Edwards's Botanical Register/Appendix to the first twenty-three volumes/A sketch of the vegetation of the Swan River Colony/Orchidaceae

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About sixty species of this interesting order have already been discovered in this Colony; and if we regard either their singular structure, or their beautiful forms, or the fragrance, large size and gaudy colours of many of them, it is impossible to say that they at all yield in interest to the epiphytes of tropical countries. They are however all terrestrial; and there is an opinion that Orchidaceæ of that kind cannot be made to yield to the arts of cultivation. When, however, we consider how many plants are now common of which the same opinion was formerly entertained, and moreover how much beyond the skill of the last race of gardeners is that of the present day, I think it would be discreditable to the art, and a libel upon the science of horticulture, to say that in the cultivation of these plants there are any difficulties which patience and skill ought not to overcome. The great obstacles to encounter in the outset are, 1. to obtain the

roots in a perfectly healthy condition; and 2. to know exactly what the natural habits are of each particular species. Upon the latter point at least we possess quite information enough to authorize an attempt at their cultivation. In a valuable paper by Mr. James Drummond, in the Gardener's Magazine, vol. xiv. p. 425, are many particulars of direct practical bearing upon this question.

It appears that many of the species, such as Thelymitra, Macdonaldia, Pterostylis, Diuris, Prasophyllum, &c. have roots like those of the English Orchis morio, (fig. 1), and they will require the same kind of management.*

The mode of growth of others is quite different. The greater part of them have the roots extended to a considerable distance, that is, to the depth of several inches, underground, terminated by a bulb, and thickly clothed with numerous dry loose skins. In Glossodia (fig. 2 & 2*) Mr.

For permission to use the accompanying wood-cut, which was executed in illustration of Mr. Drummond's paper in the Gardener's Magazine, I am indebted to Mr. Loudon.

Drummond says, that "the bulb is renewed every year in the centre of several layers of bark-like substance, one of which layers is added every year by the decay of the old bulb. If the young bulb is dissected at the time when the plant is in flower, the layer of fibrous substance, which afterwards becomes the covering, is easily perceptible; it terminates in a point, which the following season becomes a root, and another root is produced from the bottom of next year's flower-stalk. In planting these roots the fibrous substance should not be removed, or the plant will not thrive. The layer can be easily traced back for ten or twelve years, and I have no doubt that many of these Orchidaceæ have continued to flourish in half a square inch of earth for ages."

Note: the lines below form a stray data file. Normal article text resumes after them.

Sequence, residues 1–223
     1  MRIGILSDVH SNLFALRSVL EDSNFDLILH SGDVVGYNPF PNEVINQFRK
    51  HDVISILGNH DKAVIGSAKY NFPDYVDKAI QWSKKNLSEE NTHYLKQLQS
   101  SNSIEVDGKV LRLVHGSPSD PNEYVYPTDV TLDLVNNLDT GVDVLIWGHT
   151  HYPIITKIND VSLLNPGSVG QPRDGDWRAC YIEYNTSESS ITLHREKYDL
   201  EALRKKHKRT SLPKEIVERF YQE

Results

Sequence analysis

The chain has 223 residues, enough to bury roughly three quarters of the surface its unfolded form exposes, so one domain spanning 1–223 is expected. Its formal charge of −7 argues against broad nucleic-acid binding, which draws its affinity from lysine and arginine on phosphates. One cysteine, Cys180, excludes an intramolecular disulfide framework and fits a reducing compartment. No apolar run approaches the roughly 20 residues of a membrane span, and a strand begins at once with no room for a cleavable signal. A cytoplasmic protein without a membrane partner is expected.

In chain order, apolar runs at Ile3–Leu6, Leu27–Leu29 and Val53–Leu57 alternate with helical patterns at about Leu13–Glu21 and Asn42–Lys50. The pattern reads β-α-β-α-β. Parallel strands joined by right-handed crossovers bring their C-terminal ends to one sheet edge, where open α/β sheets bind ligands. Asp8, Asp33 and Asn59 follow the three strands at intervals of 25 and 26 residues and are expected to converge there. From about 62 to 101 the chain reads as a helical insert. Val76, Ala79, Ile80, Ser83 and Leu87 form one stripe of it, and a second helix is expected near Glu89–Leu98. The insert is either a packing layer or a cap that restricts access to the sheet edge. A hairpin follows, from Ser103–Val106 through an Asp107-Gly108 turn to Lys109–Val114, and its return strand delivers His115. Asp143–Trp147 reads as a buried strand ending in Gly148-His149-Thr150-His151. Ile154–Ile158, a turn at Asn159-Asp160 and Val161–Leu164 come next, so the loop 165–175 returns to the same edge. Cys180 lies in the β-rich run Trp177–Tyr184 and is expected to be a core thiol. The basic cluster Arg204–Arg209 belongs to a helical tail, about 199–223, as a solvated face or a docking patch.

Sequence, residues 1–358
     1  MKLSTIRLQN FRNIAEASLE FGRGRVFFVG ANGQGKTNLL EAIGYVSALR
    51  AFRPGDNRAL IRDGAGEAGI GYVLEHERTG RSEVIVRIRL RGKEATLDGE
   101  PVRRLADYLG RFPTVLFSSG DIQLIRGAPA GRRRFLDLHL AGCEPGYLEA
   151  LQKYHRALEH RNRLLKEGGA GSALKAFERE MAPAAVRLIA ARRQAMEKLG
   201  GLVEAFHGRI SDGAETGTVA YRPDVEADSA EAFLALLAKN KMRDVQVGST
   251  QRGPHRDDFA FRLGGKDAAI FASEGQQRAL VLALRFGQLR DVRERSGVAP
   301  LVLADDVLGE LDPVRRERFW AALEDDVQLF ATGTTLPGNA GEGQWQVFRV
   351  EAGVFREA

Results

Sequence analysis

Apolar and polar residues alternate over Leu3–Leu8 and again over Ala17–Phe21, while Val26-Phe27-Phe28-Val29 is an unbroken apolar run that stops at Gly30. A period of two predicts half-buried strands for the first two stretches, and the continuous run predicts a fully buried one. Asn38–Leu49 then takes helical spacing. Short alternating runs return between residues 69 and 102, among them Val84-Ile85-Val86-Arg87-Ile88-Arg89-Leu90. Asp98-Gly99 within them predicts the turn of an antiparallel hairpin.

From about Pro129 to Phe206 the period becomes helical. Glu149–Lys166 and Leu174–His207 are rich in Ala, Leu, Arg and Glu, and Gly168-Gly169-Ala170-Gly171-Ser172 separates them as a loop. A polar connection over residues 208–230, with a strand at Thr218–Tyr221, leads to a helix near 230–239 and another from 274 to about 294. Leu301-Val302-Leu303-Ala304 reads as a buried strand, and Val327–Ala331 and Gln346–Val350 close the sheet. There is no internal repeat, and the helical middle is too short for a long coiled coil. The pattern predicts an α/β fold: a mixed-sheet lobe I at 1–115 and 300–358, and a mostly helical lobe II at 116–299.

"These coated species grow mostly on the exposed sides of hills, where the soil is a strong loam, mixed with a large proportion of gravel, and where their numerous coats must be of the greatest use in protecting their roots from the excessive heat of the summer sun. All the time they appear aboveground the weather is seldom warmer than in England in the month of May." Such plants as Caladenia (fig. 3 & 3*) deviate a little from this manner of growth, their roots forming knots, analogous to those on the roots of Arrhenatherum avenaceum, and ought, Mr. Drummond thinks, to be considered rather as reservoirs of nourishment, to enable the plant to flower and perfect seeds, than as true bulbs or buds.
"Young plants may be produced by dividing the roots; but they spring from the joints between the swellings of the root. One of these swellings, or tubers, is produced annually, or more than one when the root becomes forked, as it sometimes does." This description applies only to Glossodia and Caladenia, the species of all which seem to have the same natural habit.

Another plan of growth is to form a bulb at the end of long woolly roots, as in Drakæa (fig 5 &: 7), Caleana (fig. 4), and Leptoceras (fig. 8); and this sometimes takes place in an excessive degree, as is shewn at fig. 6, where a a are the new bulbs, and b the mother which brought them forth. Mr. Drummond has traced them in one species for more than a foot.

The same collector speaks thus of what he supposes to be a Diuris, and which, from the figure given (9), seems to be of that genus; but the description does not apply to it.

He says, "we have a fine showy orchis which propagates freely by the roots, and which I have no doubt would answer well in the open air in England, if the roots were treated like the Persian Ranunculus, and kept in a dry warm room in winter. The roots of the flowering plants are about six inches long, and resemble a good deal the roots of Anthericum Liliastrum, being thickest at the end farthest from the stem. Two or three are produced annually, and the old ones decay. On rich calcareous soil this orchis grows two feet high, and the flowers are large in proportion, and showy; the colours are orange and purple." Probably the plant intended is Caladenia longicauda. (Plate VIII. fig. A.)